The Stunning, Rugged Landscape of Priorat and its Wines

Guest Post from Millesima
This is a guest post from my friends at Millesima. Back in 2017, I won one of the spots in Millesima’s wine blog contest which led to a sponsored trip to En Primeur in Bordeaux. I was so impressed with the people involved, I’m happy to host this guest post on Food Wine Click!

The Stunning, Rugged Landscape of Priorat and its Wines
Home to a stunning and rugged landscape of steeply terraced hillsides, where gnarled bush vines can be found rooted in ancient schist soils, Priorat is a region that calls out to the adventurous wine lover. Priorat is one of only two appellations in Spain to achieve the prestigious DOCa/DOQ status, the other being Rioja. Nevertheless, this gorgeous terroir and its iconic red wines remain somewhat shrouded in mystery, especially when compared to its Castilian compatriot. Let’s take a closer look at this dynamic gem of a Spanish wine region, its fascinating history and its one-of-a-kind fine wines.

The Iconic Terroir of the Priorat Wine Region
The Priorat appellation is situated in the region of Catalonia in northeastern Spain. As the local language spoken here is Catalan, many of the terms associated with the region and its wines appear in both Catalan and Castilian Spanish. For example, the appellation level of Priorat is DOCa (Denominación de Origen Calificada) in Spanish but Denominació d’Origen Qualificada (DOQ) in Catalan. More specifically, Priorat is located in the province of Tarragona in the southwestern corner of Catalonia, around 150 km south of Barcelona.
Despite its proximity to the Mediterranean coast, Priorat is remarkably continental in climate with long, hot and very dry summers and cold winters. With an annual rainfall of just 400-600mm, this is a very dry region, whose vegetation is of hearty stock. The few species of flora that survive here include olive trees, almond trees, wild mountain herbs and grape vines. Priorat’s vines are bush vines with short trunks and naturally low yields of less than 5 hL/ha (compared to 40 hL/ha in Burgundy, for example). Local winemakers say that it takes all of the grapes from an entire vine to produce just 1 glass of Priorat wine. This rareness contributes to the high price of wines from this appellation.

Salmos Vineyard (copyright: Familia Torres)

The vineyards of Priorat are planted on undulating terraced hillsides which reach altitudes between 100m and 700m above sea level. The steep slopes of these vineyards make mechanical soil work and harvest impossible, further contributing to the elevated price of Priorat wines. Meanwhile, the hilly landscape creates a colorful patchwork of micro-terroirs, with a wide range of soil types, aspects and slopes. The flagship soil of Priorat is llicorella, a partially decomposed slate with bits of mica quartz, which reflect the rays of the sun and contribute to the even ripening of the grapes. These soils are free-draining and completely devoid of organic matter or nutrients, forcing the roots to dig very deep, resulting in remarkable concentration of flavors in the fruit.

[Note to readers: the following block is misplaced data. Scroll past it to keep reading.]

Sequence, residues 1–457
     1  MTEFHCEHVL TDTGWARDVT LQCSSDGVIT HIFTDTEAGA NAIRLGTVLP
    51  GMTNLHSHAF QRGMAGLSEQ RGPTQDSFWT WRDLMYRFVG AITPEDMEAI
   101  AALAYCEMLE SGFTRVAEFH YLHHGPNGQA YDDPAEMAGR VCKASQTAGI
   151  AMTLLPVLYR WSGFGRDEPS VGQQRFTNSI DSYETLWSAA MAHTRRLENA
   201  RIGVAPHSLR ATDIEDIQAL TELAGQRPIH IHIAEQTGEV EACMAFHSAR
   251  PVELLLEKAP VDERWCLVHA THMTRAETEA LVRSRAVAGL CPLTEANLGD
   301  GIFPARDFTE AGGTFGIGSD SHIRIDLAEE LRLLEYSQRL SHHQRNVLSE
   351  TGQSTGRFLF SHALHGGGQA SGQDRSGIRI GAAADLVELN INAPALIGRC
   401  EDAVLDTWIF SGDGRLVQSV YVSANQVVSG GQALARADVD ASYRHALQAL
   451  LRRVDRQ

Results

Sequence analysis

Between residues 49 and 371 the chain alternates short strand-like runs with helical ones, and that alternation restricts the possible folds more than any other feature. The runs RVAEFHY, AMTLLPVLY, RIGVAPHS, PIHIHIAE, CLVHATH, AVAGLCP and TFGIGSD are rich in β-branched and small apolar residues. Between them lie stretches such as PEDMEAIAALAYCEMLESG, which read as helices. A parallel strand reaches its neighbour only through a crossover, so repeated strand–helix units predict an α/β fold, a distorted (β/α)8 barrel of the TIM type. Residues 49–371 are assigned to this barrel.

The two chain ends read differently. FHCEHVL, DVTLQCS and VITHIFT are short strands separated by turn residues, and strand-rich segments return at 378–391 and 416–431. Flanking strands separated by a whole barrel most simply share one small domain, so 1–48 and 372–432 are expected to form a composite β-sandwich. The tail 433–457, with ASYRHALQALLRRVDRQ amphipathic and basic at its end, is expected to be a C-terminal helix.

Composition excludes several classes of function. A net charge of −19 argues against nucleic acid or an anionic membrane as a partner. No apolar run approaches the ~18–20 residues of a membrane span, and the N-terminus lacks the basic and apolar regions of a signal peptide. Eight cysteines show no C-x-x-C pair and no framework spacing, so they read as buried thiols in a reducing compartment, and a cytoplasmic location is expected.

To the north of the region, the Serra de Montsant Natural Park is visible, its rocky walls creating a stunning natural backdrop to the region. This mountain range protects the vineyards from cold northerly winds, while the warm Mistral wind blows in from the east and keep the vines clean of disease. The dry, windy conditions of Priorat make this region a prime candidate for biodynamic winemaking, which has been widely adopted, even if certification is still rare.
The Grape Varieties of Priorat
The classic red wine from Priorat is produced from a blend of Garnacha (or Grenache, or Garnatxa negre in Catalan) and Cariñena (or Carignan, or Samso in Catalan). Garnacha, representing around 41% of the region’s production, adds density and body to the blend, while Cariñena (at 23% of production) gives the wines a certain intensity, depth and delicious red fruit flavors. Although young Carignan elsewhere in the world is very vigorous and not particularly known for producing quality fruit, many of the Cariñena vines in Priorat are over 90 years old and produce remarkably concentrated fruit.
Garnacha and Cariñena are also blended with French varietals, like Cabernet Sauvignon (roughly 10% of production), Syrah (another 10%) and Merlot (7%). Cabernet can bring additional structure and black fruit flavors to the blend, while Syrah contributes a spicy and earthy touch. Merlot can lend these wines a certain roundness.